Now to clean the top of the toilet. We typically lay it on a plastic bag on the tailgate for easy cleaning. Give it a good spray down with your favorite cleaner. We prefer to use Thieves Cleaner from Young Living. Once it’s all been cleaned, just put it back together and you’re good to go.

For the times when the fan needs cleaning, just unscrew from the side of the toilet, separate plastic pieces that hold the filter and give it a good wash and make sure to allow it to dry before putting back in place. We’ve found that the fan can get dusty so we clean it every other time we clean out the toilet.

How do you prepare the Coco Coir?

Coco Coir for Compost Toilet

We prefer to buy big blocks of Coco Coir and prepare it ourselves. We store it in a large heavy duty plastic bin in the bed of our truck. It’s a tricky balance of getting the block wet enough to break apart, but not so wet that when it’s in the solids bin it creates mold. For a big block, the best way to start is to just pour some water all over it and let it set for 30 minutes or so. This will soften it and loosen things up so it’s easier to break apart. Then we use a small ice pick to start peeling off layers, and our hands to break it down into the finer consistency you need. You may need more water during this process, but again don’t add too much. Keep it as dry as possible.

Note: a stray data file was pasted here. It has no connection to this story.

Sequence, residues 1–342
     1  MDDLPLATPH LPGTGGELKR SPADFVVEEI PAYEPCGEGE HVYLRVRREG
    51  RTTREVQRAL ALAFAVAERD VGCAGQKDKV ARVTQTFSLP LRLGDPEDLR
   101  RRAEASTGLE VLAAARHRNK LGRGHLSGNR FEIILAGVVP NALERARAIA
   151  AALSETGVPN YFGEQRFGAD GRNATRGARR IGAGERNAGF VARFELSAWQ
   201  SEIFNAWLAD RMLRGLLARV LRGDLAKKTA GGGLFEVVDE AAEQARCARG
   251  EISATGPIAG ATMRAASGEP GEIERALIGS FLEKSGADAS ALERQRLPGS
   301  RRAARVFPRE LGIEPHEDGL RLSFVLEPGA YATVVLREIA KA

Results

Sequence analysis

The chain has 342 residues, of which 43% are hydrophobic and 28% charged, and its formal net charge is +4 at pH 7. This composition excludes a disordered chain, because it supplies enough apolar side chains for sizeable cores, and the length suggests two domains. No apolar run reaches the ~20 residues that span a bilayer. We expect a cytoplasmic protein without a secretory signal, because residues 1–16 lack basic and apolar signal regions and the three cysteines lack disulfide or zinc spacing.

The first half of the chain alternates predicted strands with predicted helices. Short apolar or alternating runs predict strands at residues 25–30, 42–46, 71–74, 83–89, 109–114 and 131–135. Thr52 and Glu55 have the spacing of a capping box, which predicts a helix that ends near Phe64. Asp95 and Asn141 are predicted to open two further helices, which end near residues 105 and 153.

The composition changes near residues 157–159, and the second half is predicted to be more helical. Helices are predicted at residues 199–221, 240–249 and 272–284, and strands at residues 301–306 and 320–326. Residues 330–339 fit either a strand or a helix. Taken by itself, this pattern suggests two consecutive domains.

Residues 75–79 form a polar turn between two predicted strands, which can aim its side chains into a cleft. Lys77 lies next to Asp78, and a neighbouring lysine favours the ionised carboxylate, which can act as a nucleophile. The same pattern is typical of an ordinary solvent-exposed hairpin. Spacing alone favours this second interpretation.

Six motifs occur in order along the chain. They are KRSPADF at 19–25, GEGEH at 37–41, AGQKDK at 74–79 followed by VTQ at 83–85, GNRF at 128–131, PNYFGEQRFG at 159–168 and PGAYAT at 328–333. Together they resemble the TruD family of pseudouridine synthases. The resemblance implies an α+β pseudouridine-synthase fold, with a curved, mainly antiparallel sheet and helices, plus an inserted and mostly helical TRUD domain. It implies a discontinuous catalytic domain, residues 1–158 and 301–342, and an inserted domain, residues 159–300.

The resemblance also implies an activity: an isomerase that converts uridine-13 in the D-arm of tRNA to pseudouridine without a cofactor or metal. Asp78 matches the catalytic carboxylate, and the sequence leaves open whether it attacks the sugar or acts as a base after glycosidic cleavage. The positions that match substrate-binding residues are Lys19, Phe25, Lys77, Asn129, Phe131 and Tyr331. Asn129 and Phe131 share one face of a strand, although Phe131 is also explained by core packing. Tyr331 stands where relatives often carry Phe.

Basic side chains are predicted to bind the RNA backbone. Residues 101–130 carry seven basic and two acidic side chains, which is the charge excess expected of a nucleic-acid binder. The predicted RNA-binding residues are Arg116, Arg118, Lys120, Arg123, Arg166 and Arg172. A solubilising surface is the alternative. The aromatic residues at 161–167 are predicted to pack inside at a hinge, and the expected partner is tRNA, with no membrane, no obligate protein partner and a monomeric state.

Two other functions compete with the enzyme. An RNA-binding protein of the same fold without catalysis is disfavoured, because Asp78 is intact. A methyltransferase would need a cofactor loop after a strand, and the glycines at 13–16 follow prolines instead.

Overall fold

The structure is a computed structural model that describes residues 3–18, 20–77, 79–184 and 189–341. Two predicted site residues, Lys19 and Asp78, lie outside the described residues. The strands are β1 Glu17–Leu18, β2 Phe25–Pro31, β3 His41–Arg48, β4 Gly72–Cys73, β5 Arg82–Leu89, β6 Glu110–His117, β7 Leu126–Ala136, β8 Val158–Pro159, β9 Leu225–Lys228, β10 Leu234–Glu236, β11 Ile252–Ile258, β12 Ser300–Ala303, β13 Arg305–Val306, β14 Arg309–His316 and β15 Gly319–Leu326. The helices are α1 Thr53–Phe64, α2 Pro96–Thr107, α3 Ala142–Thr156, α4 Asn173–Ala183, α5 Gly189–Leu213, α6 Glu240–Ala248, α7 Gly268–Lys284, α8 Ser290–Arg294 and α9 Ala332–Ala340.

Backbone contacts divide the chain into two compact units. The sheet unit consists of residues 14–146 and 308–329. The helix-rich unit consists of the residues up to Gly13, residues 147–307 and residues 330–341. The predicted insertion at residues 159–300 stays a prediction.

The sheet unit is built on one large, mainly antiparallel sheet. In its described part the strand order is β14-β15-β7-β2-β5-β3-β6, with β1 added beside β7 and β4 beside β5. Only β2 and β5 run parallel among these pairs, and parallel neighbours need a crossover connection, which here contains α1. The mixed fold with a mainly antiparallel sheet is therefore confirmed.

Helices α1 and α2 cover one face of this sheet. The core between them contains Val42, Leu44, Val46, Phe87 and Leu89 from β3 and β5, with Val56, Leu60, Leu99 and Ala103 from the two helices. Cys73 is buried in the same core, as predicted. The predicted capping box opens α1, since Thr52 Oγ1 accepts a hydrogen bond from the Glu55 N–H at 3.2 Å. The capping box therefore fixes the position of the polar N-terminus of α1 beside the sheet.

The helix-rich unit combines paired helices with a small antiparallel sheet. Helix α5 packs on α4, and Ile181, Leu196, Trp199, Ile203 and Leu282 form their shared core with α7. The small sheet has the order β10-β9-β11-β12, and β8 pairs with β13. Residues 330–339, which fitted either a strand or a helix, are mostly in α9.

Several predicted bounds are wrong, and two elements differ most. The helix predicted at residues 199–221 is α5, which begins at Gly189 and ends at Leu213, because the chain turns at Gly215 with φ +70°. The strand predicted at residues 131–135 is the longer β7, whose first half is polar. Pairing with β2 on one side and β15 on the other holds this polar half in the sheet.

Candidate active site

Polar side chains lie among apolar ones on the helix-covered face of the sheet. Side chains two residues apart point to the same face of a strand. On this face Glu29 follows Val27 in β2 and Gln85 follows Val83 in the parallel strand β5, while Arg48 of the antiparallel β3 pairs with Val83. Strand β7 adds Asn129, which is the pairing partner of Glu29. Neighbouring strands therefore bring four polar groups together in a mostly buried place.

How do you dispose of the waste?

Compostable Bags